What is Distributism?

[Editor’s Note:  Distributism is an economic model that seeks to avoid the evils of both capitalism and socialism.  While focused on traditionalist Catholicism rather than ethno-nationalism, it provides many useful arguments and ideas for anyone interested in forging a third way between the two dominant economic paradigms of today.]

The Distributist Review
July 14, 2013

G.K. Chesterton, one of the most influential distributist thinkers.
G.K. Chesterton, one of the most influential distributist thinkers.


What is Distributism?

Distributism finds its roots in the social and economic theories articulated in the documents of the Catholic pontiffs, beginning with Pope Leo XIII’s “Rerum Novarum.” These social encyclicals raise imperatives on economic transaction and its relation to labor, solidarity, wages, the wide diffusion of ownership, and the proper limits of technology. Distributism is an economic system compliant with the principles of these documents, and is centered on the widest possible ownership of property as the best guarantee of political and economic freedom. A family that owns its own land or its own tools can make its own way in the world without being dependent on someone else for a “job.” Thus, Distributism seeks to extend property ownership to as many as possible, and end the concentration of ownership by few capitalists or state officials.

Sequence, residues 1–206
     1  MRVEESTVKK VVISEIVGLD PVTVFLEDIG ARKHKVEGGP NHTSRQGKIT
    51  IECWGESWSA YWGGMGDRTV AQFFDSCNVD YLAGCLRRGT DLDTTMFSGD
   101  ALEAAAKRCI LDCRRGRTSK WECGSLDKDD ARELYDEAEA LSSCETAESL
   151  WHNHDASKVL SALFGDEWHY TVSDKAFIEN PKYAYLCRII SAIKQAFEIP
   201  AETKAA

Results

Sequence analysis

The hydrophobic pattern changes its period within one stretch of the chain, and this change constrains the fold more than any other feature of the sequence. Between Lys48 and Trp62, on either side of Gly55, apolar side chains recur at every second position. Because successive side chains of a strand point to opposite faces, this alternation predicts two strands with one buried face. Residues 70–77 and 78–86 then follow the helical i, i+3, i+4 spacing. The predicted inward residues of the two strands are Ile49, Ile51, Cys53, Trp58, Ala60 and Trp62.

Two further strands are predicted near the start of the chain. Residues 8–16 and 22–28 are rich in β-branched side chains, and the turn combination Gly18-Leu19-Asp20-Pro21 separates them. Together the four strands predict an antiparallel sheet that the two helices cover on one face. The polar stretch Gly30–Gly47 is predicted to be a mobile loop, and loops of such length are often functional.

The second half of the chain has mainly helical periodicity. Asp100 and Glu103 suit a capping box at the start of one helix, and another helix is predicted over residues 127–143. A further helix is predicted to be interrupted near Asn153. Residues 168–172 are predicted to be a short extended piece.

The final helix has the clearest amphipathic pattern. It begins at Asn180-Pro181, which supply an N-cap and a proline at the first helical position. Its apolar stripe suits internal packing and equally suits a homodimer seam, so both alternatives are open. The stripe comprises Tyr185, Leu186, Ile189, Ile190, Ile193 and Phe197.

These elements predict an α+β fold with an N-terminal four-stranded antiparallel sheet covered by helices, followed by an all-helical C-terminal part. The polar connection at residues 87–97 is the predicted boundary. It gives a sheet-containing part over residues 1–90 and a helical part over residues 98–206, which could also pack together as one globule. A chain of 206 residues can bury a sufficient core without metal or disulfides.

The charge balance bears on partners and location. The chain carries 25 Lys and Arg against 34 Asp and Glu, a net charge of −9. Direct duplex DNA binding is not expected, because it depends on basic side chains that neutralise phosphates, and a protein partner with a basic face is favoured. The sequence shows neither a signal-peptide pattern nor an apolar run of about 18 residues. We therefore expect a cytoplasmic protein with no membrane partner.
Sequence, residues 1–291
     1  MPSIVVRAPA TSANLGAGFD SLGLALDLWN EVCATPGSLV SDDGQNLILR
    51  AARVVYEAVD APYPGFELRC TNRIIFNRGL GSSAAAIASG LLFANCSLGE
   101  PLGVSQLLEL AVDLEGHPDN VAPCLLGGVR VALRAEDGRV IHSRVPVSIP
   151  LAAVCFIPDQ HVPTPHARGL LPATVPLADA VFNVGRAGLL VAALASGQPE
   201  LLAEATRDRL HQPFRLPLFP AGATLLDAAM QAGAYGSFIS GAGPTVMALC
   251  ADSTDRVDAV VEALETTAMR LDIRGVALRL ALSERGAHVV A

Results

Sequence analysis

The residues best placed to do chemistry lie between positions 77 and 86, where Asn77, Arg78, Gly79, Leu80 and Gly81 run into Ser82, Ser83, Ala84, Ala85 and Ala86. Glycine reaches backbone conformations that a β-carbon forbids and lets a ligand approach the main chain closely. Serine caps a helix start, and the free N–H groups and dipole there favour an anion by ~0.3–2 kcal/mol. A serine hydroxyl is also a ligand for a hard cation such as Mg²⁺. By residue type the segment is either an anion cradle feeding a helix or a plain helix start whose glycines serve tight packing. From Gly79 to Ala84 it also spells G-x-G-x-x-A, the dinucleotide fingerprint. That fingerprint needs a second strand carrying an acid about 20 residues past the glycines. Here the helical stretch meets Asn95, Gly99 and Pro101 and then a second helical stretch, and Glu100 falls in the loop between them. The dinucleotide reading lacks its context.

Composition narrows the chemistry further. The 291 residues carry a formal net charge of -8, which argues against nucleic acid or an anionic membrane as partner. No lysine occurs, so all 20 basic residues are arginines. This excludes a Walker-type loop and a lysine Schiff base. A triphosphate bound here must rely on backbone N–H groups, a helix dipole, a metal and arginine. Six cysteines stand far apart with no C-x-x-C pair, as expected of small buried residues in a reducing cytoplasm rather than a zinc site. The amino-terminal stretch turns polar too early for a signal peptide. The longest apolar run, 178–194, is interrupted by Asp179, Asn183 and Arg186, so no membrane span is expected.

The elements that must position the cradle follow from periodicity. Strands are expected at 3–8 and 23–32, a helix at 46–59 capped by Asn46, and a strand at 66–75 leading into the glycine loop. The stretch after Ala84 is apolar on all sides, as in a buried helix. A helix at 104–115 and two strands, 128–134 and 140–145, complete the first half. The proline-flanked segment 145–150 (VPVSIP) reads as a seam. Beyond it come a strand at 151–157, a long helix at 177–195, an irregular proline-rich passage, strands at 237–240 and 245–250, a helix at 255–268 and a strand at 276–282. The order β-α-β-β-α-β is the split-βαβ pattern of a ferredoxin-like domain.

What are the ‘means of production’?

The ‘means of production’ are the land, tools, and equipment needed for labor to transform raw materials into goods and services. As wealth (goods or services) is only possible by the combination of the means of production, labor, and raw materials, we believe it is best when these are owned cooperatively (worker-owned) or entirely operated by the family.

Are you Capitalists or Socialists?

Neither. Capitalism–or Proletarianism–is a system bent on the maximization of returns on investments, and seeks it at the expense of labor and the common good. Socialism aims to eliminate ownership and place it in the hands of an impersonal, centralized government. Both systems–Capitalism and Socialism–limit real ownership in practice. The only difference between a Socialist state and a Capitalist state is whether power is concentrated in a few private or a few bureaucratic hands.

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